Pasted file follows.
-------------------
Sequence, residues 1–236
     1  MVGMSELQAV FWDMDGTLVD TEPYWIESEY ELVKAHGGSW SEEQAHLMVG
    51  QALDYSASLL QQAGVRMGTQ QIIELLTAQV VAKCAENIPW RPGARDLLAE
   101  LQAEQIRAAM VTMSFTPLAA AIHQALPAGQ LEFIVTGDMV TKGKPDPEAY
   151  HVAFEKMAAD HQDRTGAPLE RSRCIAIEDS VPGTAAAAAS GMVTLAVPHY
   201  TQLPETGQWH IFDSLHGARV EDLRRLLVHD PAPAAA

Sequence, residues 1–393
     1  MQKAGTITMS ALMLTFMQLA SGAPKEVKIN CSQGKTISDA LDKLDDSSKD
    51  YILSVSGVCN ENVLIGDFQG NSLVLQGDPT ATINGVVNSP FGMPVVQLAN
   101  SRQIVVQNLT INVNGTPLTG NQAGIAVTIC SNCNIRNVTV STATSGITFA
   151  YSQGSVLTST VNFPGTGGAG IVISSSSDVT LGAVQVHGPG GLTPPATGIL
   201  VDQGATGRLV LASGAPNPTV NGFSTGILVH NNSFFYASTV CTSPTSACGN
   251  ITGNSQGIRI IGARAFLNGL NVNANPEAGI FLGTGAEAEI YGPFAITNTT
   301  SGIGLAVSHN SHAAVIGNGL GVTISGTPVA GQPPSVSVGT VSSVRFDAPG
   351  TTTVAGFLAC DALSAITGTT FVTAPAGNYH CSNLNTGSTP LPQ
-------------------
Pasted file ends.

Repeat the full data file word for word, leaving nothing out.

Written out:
Sequence, residues 1–236
     1  MVGMSELQAV FWDMDGTLVD TEPYWIESEY ELVKAHGGSW SEEQAHLMVG
    51  QALDYSASLL QQAGVRMGTQ QIIELLTAQV VAKCAENIPW RPGARDLLAE
   101  LQAEQIRAAM VTMSFTPLAA AIHQALPAGQ LEFIVTGDMV TKGKPDPEAY
   151  HVAFEKMAAD HQDRTGAPLE RSRCIAIEDS VPGTAAAAAS GMVTLAVPHY
   201  TQLPETGQWH IFDSLHGARV EDLRRLLVHD PAPAAA

Sequence, residues 1–393
     1  MQKAGTITMS ALMLTFMQLA SGAPKEVKIN CSQGKTISDA LDKLDDSSKD
    51  YILSVSGVCN ENVLIGDFQG NSLVLQGDPT ATINGVVNSP FGMPVVQLAN
   101  SRQIVVQNLT INVNGTPLTG NQAGIAVTIC SNCNIRNVTV STATSGITFA
   151  YSQGSVLTST VNFPGTGGAG IVISSSSDVT LGAVQVHGPG GLTPPATGIL
   201  VDQGATGRLV LASGAPNPTV NGFSTGILVH NNSFFYASTV CTSPTSACGN
   251  ITGNSQGIRI IGARAFLNGL NVNANPEAGI FLGTGAEAEI YGPFAITNTT
   301  SGIGLAVSHN SHAAVIGNGL GVTISGTPVA GQPPSVSVGT VSSVRFDAPG
   351  TTTVAGFLAC DALSAITGTT FVTAPAGNYH CSNLNTGSTP LPQ